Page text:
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The impact of patient cost-sharing on low-income populations: Evidence from Massachusetts

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  • Chandra, Amitabh
  • Gruber, Jonathan
  • McKnight, Robin

Abstract

Greater patient cost-sharing could help reduce the fiscal pressures associated with insurance expansion by reducing the scope for moral hazard. But it is possible that low-income recipients are unable to cut back on utilization wisely and that, as a result, higher cost-sharing will lead to worse health and higher downstream costs through increased use of inpatient and outpatient care. We use exogenous variation in the copayments faced by low-income enrollees in the Massachusetts Commonwealth Care program to study these effects. We estimate separate price elasticities of demand by type of service. Overall, we find price elasticities of about −0.16 for this low-income population — similar to elasticities calculated for higher-income populations in other settings. These elasticities are somewhat smaller for the chronically sick, especially for those with asthma, diabetes, and high cholesterol. These lower elasticities are attributable to lower responsiveness to prices across all categories of service, and to some statistically insignificant increases in inpatient care.

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Bibliographic Info

Article provided by Elsevier in its journal Journal of Health Economics.

Volume (Year): 33 (2014)
Issue (Month): C ()
Pages: 57-66

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Handle: RePEc:eee:jhecon:v:33:y:2014:i:c:p:57-66

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Web page: http://www.elsevier.com/locate/inca/505560

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Keywords: Heath insurance; Cost sharing;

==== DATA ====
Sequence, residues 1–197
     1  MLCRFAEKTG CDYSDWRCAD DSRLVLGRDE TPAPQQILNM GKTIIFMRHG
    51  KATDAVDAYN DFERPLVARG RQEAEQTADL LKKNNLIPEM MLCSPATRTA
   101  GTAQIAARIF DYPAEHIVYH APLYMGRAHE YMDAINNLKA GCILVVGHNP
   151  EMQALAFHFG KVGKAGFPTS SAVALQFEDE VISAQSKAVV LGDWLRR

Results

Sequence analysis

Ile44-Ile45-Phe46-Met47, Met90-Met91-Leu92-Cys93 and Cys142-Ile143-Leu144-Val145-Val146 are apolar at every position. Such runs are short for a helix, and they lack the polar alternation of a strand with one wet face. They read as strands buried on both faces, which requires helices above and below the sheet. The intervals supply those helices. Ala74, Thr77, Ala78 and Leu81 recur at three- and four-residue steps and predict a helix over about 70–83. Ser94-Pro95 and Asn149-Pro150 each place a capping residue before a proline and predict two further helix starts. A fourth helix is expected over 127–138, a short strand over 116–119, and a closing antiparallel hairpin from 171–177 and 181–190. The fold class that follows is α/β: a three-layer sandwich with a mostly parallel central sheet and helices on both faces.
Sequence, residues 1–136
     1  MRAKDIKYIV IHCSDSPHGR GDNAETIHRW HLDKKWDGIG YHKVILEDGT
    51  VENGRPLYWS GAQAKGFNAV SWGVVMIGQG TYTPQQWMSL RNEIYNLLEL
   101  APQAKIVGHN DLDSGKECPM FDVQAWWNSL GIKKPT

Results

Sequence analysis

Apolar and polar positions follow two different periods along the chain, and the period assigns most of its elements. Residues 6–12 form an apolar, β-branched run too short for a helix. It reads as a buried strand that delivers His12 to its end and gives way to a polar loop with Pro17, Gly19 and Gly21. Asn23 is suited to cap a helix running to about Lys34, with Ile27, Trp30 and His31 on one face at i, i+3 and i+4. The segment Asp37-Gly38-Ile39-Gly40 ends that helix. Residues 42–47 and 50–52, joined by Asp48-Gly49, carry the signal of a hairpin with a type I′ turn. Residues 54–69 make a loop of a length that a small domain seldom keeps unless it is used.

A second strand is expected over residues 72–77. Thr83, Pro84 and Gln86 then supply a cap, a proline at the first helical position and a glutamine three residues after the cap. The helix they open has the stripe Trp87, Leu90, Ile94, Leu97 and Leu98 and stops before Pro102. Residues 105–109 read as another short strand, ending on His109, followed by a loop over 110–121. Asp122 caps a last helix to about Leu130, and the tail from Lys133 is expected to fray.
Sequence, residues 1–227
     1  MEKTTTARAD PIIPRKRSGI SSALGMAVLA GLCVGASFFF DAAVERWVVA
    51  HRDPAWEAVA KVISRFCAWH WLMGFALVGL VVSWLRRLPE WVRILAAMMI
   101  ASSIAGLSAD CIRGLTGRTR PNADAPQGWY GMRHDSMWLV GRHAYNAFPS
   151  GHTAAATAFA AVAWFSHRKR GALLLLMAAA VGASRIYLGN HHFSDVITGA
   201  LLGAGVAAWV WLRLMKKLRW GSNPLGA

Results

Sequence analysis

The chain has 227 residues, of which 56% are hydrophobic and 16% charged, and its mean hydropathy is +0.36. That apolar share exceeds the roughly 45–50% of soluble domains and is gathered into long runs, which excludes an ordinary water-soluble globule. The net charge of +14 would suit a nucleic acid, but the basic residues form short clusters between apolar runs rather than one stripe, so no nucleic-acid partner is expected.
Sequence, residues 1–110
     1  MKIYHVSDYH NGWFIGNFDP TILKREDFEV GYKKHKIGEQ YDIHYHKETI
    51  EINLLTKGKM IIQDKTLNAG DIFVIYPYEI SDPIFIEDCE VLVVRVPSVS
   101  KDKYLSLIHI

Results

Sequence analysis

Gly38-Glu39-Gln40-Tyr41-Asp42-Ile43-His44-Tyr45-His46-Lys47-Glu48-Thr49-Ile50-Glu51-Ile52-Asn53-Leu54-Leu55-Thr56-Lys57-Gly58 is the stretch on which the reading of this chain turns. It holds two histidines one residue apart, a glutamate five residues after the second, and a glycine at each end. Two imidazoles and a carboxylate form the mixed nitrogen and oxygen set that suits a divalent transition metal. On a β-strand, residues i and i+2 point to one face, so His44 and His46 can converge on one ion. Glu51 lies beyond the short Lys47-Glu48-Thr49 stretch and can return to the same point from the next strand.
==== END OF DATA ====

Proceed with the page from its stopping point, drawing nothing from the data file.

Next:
References

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  1. Buntin, Melinda Beeuwkes & Zaslavsky, Alan M., 2004. "Too much ado about two-part models and transformation?: Comparing methods of modeling Medicare expenditures," Journal of Health Economics, Elsevier, vol. 23(3), pages 525-542, May.
  2. Amitabh Chandra & Jonathan Gruber & Robin McKnight, 2010. "Patient Cost Sharing in Low Income Populations," American Economic Review, American Economic Association, vol. 100(2), pages 303-08, May.
  3. Gaynor Martin & Li Jian & Vogt William B, 2007. "Substitution, Spending Offsets, and Prescription Drug Benefit Design," Forum for Health Economics & Policy, De Gruyter, vol. 10(2), pages 1-33, July.
  4. Amitabh Chandra & Jonathan Gruber & Robin McKnight, 2010. "Patient Cost-Sharing and Hospitalization Offsets in the Elderly," American Economic Review, American Economic Association, vol. 100(1), pages 193-213, March.
  5. Katherine Baicker & Dana Goldman, 2011. "Patient Cost-Sharing and Healthcare Spending Growth," Journal of Economic Perspectives, American Economic Association, vol. 25(2), pages 47-68, Spring.
  6. Manning, Willard G, et al, 1987. "Health Insurance and the Demand for Medical Care: Evidence from a Randomized Experiment," American Economic Review, American Economic Association, vol. 77(3), pages 251-77, June.
  7. Katherine Baicker & Sendhil Mullainathan & Joshua Schwartzstein, 2012. "Behavioral Hazard in Health Insurance," NBER Working Papers 18468, National Bureau of Economic Research, Inc.
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